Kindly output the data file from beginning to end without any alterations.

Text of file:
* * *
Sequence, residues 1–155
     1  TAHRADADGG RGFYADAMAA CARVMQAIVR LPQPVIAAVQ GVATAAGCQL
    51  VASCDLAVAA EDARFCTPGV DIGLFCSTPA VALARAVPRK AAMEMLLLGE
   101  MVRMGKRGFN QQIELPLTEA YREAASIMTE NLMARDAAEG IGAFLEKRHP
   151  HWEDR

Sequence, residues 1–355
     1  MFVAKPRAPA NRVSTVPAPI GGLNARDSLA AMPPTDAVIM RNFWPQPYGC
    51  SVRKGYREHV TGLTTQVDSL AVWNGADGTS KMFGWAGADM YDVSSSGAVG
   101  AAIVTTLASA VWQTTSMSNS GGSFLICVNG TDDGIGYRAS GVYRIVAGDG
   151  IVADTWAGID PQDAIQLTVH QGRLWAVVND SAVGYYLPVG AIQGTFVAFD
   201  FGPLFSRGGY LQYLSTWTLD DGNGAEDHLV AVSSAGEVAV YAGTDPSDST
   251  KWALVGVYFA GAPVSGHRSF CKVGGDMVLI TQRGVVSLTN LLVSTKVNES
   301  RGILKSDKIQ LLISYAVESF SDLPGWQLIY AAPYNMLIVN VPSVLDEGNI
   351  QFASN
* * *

Sequence, residues 1–155
     1  TAHRADADGG RGFYADAMAA CARVMQAIVR LPQPVIAAVQ GVATAAGCQL
    51  VASCDLAVAA EDARFCTPGV DIGLFCSTPA VALARAVPRK AAMEMLLLGE
   101  MVRMGKRGFN QQIELPLTEA YREAASIMTE NLMARDAAEG IGAFLEKRHP
   151  HWEDR

Sequence, residues 1–355
     1  MFVAKPRAPA NRVSTVPAPI GGLNARDSLA AMPPTDAVIM RNFWPQPYGC
    51  SVRKGYREHV TGLTTQVDSL AVWNGADGTS KMFGWAGADM YDVSSSGAVG
   101  AAIVTTLASA VWQTTSMSNS GGSFLICVNG TDDGIGYRAS GVYRIVAGDG
   151  IVADTWAGID PQDAIQLTVH QGRLWAVVND SAVGYYLPVG AIQGTFVAFD
   201  FGPLFSRGGY LQYLSTWTLD DGNGAEDHLV AVSSAGEVAV YAGTDPSDST
   251  KWALVGVYFA GAPVSGHRSF CKVGGDMVLI TQRGVVSLTN LLVSTKVNES
   301  RGILKSDKIQ LLISYAVESF SDLPGWQLIY AAPYNMLIVN VPSVLDEGNI
   351  QFASN